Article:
• plan for associated research e.g. recalcitrance, complex dormancy, or symbiotic relationships
  • monitor and evaluate conservation or restoration in the long term
  • communicate results and lessons learned to inform future actions.

Bridging the gap

Key lessons learned from collaborative projects aimed at bridging the gap between the ‘freezer’ and a self sustaining plant population in the wild are:

  • an ideal collection that provides options for conservation, reintroduction and research is 10 000 seeds or more, collected from multiple populations to represent the range and genetic diversity of a species
  • the impact of wild seed collection on remnant populations may be reduced by using foundation collections from the wild to establish seed production areas and increase seed availability
  • refining germination protocols and horticultural techniques at the outset will help determine the best method, and increase success, of reintroduction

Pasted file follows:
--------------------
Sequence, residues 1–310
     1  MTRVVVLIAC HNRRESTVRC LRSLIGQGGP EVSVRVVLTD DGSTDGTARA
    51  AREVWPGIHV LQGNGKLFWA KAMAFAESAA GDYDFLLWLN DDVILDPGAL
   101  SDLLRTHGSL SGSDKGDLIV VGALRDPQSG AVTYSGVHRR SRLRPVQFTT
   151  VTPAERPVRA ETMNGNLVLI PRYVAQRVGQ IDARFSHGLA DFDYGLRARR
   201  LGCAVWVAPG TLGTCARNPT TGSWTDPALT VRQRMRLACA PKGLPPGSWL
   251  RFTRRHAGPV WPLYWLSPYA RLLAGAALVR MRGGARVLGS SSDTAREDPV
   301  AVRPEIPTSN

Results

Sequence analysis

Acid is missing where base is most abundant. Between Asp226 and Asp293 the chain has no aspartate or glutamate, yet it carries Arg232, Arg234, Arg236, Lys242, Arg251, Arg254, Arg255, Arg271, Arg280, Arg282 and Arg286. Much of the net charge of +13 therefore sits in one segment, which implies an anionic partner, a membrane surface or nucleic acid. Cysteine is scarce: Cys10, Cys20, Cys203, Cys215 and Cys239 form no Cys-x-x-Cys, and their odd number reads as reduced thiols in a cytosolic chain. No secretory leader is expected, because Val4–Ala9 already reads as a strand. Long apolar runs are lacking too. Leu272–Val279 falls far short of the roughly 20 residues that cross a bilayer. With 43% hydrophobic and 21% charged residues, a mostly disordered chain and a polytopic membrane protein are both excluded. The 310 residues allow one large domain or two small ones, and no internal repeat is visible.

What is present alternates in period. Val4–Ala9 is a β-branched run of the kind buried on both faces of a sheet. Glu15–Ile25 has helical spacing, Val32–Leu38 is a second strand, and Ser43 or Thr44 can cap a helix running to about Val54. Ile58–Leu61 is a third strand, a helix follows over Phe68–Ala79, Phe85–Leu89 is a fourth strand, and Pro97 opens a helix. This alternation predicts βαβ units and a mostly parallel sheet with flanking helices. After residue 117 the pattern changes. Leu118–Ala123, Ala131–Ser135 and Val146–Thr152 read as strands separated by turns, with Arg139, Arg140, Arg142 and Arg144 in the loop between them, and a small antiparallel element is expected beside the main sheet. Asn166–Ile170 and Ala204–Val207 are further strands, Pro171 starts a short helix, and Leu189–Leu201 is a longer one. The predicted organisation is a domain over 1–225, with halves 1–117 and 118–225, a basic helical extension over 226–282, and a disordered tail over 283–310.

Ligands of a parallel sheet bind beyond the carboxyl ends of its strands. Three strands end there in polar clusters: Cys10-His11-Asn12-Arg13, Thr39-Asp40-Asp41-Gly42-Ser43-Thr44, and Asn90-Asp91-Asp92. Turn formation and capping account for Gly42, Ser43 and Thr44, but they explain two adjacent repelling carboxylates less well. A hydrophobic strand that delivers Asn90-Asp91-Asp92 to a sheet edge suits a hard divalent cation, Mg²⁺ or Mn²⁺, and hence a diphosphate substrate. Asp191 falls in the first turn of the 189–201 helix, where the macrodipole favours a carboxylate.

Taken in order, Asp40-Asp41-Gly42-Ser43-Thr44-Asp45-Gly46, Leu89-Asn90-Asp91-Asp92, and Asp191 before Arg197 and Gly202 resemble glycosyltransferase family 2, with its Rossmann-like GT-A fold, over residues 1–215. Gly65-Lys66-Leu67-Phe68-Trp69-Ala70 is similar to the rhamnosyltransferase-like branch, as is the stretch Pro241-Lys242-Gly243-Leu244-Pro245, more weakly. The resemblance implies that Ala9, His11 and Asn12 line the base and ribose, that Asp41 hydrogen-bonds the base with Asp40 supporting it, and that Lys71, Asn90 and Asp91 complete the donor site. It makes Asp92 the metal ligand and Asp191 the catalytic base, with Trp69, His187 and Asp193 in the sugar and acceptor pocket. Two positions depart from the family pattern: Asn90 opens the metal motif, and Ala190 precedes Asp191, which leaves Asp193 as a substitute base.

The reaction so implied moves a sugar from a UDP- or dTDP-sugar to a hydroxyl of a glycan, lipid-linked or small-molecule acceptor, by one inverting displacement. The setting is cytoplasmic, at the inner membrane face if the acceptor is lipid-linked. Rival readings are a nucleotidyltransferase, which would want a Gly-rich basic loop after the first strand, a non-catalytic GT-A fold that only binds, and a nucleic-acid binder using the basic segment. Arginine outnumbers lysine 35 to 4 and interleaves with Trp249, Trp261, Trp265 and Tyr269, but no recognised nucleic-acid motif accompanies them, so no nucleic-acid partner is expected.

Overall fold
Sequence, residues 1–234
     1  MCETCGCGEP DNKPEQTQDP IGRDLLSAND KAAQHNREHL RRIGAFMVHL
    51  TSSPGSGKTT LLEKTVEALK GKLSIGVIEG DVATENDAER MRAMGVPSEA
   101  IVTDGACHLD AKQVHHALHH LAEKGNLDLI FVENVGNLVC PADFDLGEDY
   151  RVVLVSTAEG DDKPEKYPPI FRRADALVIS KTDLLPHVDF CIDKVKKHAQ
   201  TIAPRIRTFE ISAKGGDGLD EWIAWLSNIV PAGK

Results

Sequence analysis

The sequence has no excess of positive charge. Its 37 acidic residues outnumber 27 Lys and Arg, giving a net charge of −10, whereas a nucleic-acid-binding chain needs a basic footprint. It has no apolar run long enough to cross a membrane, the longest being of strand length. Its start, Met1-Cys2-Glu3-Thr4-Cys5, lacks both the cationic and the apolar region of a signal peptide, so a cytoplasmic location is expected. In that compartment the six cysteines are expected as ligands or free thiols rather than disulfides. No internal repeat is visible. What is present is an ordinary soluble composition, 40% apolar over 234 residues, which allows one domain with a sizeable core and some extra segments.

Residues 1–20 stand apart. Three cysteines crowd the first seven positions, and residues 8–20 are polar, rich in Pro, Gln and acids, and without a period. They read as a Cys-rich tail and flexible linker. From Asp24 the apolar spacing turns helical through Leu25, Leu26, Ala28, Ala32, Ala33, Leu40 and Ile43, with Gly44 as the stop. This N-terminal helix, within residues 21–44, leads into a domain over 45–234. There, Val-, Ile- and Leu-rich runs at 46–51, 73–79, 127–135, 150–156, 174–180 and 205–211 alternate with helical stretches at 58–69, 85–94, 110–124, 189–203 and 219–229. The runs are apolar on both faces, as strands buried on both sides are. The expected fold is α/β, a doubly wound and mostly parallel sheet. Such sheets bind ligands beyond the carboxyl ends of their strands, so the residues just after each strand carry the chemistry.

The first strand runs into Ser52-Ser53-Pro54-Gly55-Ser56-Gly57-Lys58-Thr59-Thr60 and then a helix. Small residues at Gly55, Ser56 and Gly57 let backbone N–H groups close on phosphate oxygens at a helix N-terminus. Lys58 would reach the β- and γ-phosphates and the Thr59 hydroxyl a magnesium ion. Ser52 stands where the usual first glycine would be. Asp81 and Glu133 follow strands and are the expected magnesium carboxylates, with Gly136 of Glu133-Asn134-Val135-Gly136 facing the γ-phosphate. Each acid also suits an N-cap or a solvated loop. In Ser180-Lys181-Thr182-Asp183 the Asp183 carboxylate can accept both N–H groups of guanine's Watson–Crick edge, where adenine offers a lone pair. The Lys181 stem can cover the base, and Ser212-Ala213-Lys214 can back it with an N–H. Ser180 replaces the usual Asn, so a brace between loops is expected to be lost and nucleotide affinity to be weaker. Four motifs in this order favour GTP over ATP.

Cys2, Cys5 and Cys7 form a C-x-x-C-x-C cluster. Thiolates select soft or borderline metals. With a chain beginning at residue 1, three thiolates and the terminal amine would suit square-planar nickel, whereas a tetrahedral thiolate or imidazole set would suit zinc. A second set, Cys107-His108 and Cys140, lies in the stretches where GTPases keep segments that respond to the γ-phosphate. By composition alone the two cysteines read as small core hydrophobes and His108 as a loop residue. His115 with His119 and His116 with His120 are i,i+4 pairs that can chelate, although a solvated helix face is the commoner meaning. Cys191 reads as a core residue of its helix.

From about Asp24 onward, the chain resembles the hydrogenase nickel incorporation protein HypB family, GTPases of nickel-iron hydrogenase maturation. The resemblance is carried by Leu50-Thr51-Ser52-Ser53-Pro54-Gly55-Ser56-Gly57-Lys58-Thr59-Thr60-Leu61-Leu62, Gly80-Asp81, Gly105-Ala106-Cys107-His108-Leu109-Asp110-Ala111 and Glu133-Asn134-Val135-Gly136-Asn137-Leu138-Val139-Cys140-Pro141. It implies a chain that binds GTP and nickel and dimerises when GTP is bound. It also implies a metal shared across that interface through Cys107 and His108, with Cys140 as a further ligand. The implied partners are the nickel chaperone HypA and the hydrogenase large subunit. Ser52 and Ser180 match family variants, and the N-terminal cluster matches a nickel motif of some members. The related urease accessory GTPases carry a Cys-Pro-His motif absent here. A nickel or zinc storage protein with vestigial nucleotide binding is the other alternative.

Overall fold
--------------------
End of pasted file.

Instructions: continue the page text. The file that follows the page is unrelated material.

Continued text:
• improved knowledge of the biology, ecology, and genetics of a species is required to guide further research and activities aiming to restore viable plant populations.

Further reading

Offord, C. A. and Meagher, P. F. (Eds.). (2009). Plant Germplasm Conservation in Australia. Strategies and Guidelines for Developing, Managing and Utilising Ex Situ Collections. Australian Network for Plant Conservation Inc., Canberra.

Smith, R. D., Dickie, J.B., Linington, S.H., Pritchard, H.W. and Probert, R.J. (Eds.). (2003). Seed Conservation: Turning Science into Practice. The Royal Botanic Gardens Kew, Great Britain.


Many people are involved in these conservation projects and their contributions are greatly appreciated.